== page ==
Syndicated 2017-01-03 18:01:00 from Lost::MikeGTN

The Old Father Thames

There was just a little hint of the old days - rising early and heading out in the dark to get to the beginning of a railtour used to be a fairly commonplace happening. But today it felt like something of a rarity - and I surprised myself by being pretty excited about the trip despite the early hour. After a quick walk from Hoxton to Liverpool Street station I boarded a No. 11 bus which soon set out across the dark, quiet City of London. As we snaked between the Bank of England and St. Paul's Cathedral, only the...

Syndicated 2016-12-29 22:12:00 from Lost::MikeGTN

Rachel Lichtenstein - Estuary

Over the past few years, as my explorations of the Thames have taken me further and further eastwards, I've begun to appreciate the estuary in a different way. It's fair to say that, until recently, the wide expanses of flat empty land almost terrified me. The broad sweep of silver sky broken only by marching ranks of pylons seemed endlessly and bleakly awesome. But it has also always drawn me - the edges of London blurring into the post-industrial wastelands of Essex and Kent are curiously intriguing to me. Haunted by Joseph Conrad and Bram Stoker, and never far from...

Syndicated 2016-12-18 11:12:00 from Lost::MikeGTN

Low Winter Sun: Walking the Mayes Brook

I'd worried all week about whether my new winter coat would arrive in time for this walk. Commuting to work in sub-zero temperatures during the past week had alerted me to the simple fact that I was ill-equipped for a December jaunt, reminding me of the cruel winds which whipped around me as I strode out into Essex at the end of last year. I'd half-heartedly planned several potential walks - and I was prepared to change my plans and have a day of train-related travels if the weather turned ugly. However, the coat arrived and as I rather snugly...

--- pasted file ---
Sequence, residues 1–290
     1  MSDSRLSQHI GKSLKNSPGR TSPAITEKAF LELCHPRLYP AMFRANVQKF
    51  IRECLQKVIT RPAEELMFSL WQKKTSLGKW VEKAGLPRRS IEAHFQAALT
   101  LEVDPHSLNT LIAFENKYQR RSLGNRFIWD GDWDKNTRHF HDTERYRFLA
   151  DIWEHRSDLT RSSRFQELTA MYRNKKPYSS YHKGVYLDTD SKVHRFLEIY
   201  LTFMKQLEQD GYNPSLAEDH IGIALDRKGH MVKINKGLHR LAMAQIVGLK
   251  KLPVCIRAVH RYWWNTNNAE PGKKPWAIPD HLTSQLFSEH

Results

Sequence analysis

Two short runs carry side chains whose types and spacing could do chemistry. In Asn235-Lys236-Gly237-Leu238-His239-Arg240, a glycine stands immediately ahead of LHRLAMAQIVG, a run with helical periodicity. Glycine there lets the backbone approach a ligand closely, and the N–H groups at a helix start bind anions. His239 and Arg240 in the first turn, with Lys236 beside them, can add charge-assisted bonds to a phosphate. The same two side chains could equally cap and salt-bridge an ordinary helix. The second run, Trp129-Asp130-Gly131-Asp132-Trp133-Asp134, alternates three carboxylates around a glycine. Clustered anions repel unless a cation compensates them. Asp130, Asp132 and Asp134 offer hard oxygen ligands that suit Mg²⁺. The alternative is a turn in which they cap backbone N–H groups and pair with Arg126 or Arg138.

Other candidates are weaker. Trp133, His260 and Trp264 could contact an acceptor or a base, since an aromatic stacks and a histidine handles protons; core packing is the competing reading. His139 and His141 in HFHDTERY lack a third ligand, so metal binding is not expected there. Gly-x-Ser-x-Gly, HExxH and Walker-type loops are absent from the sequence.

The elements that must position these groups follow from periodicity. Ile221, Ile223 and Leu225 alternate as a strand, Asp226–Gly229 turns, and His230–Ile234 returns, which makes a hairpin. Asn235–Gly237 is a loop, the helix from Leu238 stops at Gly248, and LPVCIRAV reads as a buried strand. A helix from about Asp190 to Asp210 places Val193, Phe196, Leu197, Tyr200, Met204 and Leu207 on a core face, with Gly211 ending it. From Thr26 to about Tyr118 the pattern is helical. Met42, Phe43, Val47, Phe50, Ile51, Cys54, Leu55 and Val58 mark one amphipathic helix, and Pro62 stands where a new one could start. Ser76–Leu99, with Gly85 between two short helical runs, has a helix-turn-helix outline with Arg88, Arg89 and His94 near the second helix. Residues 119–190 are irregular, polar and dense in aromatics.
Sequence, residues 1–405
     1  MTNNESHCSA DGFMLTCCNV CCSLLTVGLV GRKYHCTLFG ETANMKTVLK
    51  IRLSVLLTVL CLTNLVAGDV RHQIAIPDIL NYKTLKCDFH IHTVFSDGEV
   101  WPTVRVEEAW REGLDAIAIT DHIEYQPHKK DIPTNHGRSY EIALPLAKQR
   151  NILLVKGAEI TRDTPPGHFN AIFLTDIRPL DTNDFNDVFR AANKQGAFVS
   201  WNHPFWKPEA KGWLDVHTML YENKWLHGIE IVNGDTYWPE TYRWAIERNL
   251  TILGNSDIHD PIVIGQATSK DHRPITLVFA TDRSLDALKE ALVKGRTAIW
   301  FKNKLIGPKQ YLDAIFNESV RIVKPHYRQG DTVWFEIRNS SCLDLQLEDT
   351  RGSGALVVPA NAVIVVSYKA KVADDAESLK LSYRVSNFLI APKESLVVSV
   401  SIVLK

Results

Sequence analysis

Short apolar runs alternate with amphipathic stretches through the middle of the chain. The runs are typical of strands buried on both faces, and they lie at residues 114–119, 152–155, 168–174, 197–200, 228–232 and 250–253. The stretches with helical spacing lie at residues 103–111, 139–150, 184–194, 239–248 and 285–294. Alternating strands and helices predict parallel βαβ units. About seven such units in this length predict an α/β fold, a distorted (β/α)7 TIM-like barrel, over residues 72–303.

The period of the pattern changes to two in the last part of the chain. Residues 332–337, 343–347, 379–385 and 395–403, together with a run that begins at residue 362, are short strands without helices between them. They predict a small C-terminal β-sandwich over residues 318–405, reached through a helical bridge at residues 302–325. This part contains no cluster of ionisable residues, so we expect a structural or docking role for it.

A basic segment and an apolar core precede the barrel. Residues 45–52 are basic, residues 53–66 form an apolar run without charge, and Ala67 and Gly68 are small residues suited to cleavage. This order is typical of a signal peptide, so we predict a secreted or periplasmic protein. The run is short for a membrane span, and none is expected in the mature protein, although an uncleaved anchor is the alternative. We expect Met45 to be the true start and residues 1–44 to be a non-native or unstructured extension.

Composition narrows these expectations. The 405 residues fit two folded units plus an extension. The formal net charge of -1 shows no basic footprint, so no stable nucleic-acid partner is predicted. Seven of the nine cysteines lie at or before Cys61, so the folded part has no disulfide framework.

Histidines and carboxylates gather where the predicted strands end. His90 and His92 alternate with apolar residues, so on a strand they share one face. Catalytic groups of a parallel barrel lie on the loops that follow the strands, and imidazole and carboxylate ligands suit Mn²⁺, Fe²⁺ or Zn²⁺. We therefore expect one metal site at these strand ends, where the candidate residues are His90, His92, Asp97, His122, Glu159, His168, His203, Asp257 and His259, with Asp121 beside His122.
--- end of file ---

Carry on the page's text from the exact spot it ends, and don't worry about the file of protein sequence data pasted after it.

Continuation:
Syndicated 2016-12-03 23:12:00 from Lost::MikeGTN

London's Green Fringe: The River Ingrebourne

I stood, shivering at the bus stop in the middle of a group of mildly disgruntled passengers. We'd been here for a while, despite being told that the replacement bus service was 'just around the corner' several times. A Transport for London employee conversed urgently with a representative of Ensign Buses who was nervously checking his smartphone screen frequently. A light drizzle started to fall. I hadn't begun my walk yet - but I was already close to turning on my heel and heading back to the city. It hadn't been a great start - the slow slog along the...

Syndicated 2016-11-05 22:11:00 from Lost::MikeGTN

Swimming Upstream: Salmons Brook

Once again it was a privilege to be out early. A privilege too to descend from the former Great Eastern Hotel to the platforms at Liverpool Street for an early train - an experience I've long coveted and was glad to finally manage. The vast building edges Liverpool Street, wrapping a modern, sleek hotel inside a Victorian marvel and losing none of its charm in the process. Somewhere in the core of this network of restaurants, ballrooms and corridors was a hidden Masonic Temple which doubled as a venue. It felt like a strangely magical place, with signs which were...

Syndicated 2016-10-15 23:10:00 from Lost::MikeGTN